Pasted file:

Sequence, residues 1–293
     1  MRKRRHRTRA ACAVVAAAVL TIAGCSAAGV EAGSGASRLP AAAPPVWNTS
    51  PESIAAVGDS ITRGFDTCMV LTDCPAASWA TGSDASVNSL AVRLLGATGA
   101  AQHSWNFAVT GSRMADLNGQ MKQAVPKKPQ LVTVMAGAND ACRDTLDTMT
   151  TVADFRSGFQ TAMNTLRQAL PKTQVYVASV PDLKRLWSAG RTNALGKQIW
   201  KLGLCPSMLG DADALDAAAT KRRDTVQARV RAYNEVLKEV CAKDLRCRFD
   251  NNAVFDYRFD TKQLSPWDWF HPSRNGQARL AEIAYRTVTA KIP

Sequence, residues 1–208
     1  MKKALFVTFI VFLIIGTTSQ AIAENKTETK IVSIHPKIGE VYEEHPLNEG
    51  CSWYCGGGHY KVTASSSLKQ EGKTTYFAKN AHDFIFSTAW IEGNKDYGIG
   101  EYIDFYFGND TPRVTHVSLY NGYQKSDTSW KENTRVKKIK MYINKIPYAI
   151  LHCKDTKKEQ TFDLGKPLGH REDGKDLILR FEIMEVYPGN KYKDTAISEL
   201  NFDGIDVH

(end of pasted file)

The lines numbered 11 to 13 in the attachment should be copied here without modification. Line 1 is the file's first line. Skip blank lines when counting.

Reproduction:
   101  EYIDFYFGND TPRVTHVSLY NGYQKSDTSW KENTRVKKIK MYINKIPYAI
   151  LHCKDTKKEQ TFDLGKPLGH REDGKDLILR FEIMEVYPGN KYKDTAISEL
   201  NFDGIDVH